Silver is more attractive than gold to Californians | NevadaAppeal.com

Silver is more attractive than gold to Californians

Ronni Hannaman

The Golden State isn't so golden anymore. Californians are fleeing the state in droves, according to reports from the U.S. Census Bureau and the California Legislative Analyst Office.

And, many are showing a preference for silver choosing to relocate to the Silver State where, presently, living is a bit more affordable and taxes are lower, though one does not know for how much longer since Californians have a knack for bringing with them the very issues from which they are fleeing, creating a pseudo California.

Californians are migrating to much of the West and the residents of those states are not too keen about the influx now causing a rise in cost of living, most especially in the housing arena. Only the Lone Star State (Texas) and the Grand Canyon State (Arizona) are welcoming more California transplants than Nevada.

In our information center, daily we talk to Californians hoping to seek asylum from the liberal politics, taxes, unrest, immigration issues, and more now plaguing the once Golden State. This state of almost 40 million is going through some turbulent times, and it doesn't seem to be getting any less so. In fact, Californians are talking of splitting the state into three separate states: northern, southern and central valley.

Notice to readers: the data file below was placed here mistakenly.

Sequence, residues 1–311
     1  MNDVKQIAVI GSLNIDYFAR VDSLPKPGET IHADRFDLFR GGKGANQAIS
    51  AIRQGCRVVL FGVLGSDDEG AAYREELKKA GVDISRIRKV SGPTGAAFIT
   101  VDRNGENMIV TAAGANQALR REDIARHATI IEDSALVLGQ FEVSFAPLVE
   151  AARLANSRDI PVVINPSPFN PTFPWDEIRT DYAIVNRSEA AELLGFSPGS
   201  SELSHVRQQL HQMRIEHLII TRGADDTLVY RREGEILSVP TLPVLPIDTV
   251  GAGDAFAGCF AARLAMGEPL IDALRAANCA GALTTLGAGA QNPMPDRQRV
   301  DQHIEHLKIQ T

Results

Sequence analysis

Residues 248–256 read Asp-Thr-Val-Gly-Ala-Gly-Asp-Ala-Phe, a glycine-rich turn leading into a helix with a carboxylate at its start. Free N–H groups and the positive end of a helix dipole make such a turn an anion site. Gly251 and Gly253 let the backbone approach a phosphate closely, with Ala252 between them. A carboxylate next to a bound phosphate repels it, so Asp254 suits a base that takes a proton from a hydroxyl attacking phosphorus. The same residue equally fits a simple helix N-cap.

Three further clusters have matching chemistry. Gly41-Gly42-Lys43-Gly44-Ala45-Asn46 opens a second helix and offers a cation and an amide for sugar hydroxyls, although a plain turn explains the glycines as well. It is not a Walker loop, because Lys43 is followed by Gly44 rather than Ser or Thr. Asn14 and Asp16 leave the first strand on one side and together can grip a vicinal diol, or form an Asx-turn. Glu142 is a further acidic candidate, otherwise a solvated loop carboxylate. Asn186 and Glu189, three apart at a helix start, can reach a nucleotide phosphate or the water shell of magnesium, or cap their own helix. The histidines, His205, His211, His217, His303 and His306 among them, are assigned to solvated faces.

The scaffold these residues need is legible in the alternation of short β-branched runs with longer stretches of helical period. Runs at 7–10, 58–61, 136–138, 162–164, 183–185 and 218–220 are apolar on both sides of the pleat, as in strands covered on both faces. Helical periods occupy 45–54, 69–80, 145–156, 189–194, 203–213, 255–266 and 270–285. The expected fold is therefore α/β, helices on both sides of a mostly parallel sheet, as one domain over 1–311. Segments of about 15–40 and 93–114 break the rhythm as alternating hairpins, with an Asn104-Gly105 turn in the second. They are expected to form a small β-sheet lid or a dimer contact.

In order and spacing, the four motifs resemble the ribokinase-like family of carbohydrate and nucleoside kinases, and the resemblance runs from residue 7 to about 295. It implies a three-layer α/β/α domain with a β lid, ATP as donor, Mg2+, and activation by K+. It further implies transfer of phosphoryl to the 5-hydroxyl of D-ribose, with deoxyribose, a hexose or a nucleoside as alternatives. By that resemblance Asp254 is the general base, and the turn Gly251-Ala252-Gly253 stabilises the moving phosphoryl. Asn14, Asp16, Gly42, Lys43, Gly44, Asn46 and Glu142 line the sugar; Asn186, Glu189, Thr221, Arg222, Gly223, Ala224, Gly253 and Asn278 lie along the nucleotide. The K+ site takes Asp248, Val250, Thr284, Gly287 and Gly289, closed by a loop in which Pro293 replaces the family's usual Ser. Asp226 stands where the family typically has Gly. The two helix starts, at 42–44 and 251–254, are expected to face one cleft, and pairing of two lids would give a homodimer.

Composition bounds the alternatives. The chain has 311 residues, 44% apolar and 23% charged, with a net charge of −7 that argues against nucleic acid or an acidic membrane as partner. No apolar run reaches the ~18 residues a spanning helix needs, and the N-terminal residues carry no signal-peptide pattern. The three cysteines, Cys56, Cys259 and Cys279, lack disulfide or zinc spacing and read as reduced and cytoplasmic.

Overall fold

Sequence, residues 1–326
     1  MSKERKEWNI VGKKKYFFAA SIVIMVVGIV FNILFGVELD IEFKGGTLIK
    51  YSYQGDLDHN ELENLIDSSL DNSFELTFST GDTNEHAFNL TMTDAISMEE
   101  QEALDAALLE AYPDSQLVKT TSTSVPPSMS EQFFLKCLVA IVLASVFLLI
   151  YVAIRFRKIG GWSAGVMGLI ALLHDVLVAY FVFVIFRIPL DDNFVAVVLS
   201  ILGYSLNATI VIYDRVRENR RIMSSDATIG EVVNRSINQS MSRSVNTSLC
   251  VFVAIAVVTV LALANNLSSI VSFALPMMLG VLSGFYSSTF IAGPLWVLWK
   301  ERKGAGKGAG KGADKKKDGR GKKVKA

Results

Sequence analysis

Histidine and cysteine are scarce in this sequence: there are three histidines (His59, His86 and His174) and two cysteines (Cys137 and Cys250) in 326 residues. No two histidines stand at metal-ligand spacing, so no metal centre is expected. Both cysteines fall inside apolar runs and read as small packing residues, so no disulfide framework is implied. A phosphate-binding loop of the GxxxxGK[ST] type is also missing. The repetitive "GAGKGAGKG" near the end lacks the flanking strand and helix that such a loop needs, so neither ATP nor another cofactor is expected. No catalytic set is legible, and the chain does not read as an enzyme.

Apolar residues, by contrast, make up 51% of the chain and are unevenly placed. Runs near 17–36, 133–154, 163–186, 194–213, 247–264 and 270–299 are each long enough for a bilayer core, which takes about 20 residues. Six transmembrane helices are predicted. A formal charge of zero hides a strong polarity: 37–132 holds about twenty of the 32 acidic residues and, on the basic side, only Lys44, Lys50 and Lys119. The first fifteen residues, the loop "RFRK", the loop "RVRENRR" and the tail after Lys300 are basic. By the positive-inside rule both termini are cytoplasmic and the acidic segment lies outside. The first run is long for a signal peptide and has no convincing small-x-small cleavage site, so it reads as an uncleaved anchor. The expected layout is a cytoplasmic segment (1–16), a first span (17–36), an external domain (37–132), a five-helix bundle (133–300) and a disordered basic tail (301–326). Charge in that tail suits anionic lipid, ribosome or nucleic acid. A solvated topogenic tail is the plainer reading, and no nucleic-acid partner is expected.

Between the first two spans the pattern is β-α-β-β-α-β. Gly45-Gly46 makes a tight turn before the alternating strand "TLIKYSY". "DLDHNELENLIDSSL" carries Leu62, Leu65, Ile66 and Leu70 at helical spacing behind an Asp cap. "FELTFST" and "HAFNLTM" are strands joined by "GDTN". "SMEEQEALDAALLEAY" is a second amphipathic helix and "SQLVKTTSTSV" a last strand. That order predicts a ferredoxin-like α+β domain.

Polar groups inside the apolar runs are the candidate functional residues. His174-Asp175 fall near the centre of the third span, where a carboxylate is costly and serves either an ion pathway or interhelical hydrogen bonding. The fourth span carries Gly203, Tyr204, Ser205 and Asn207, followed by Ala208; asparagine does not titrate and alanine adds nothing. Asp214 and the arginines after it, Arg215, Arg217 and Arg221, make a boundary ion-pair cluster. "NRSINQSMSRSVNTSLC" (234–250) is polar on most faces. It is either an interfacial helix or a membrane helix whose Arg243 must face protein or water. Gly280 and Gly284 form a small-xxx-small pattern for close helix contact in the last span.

In unofficial interviews of our visitors, we are being told Californians don't much like those they voted into power and are feeling the effects of those liberal choices in their wallets.

Many are relocating from major cities where the cost of living — driven mostly by the cost of housing — has become so unaffordable there is little choice but to move if a middle-class standard is to be maintained. The retired tell us they don't want their retirements or social security checks taxed.

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Income tax — especially amongst the California state government retirees — is of major concern since most of them will continue paying the 9.30 percent or higher, depending on their retirement income level. Nevada is one of the seven states without state income tax and they like Washington State and Texas for the very same reason. Although Arizona has an income tax, it is about half of the California minimum rate — unless AZ voters vote to increase this tax this fall.

The California Dream has become a bit of a nightmare. Right now, more citizens are exiting California than moving there, making the state a national leader in outbound moves, according to the U.S. Census Bureau stats from 2016. The report shows 5 million moved to the Golden State between 2007 and 2016 while 6 million departed.

Wealthier people and those from equally liberal states like New York, New Jersey and Illinois — all states with even higher taxes and controversial governments — are moving to California by the droves while young people with less money are bailing out to the more affordable states such as Texas, Arizona and Nevada, a report from the state's Legislative Analyst's Office reveals.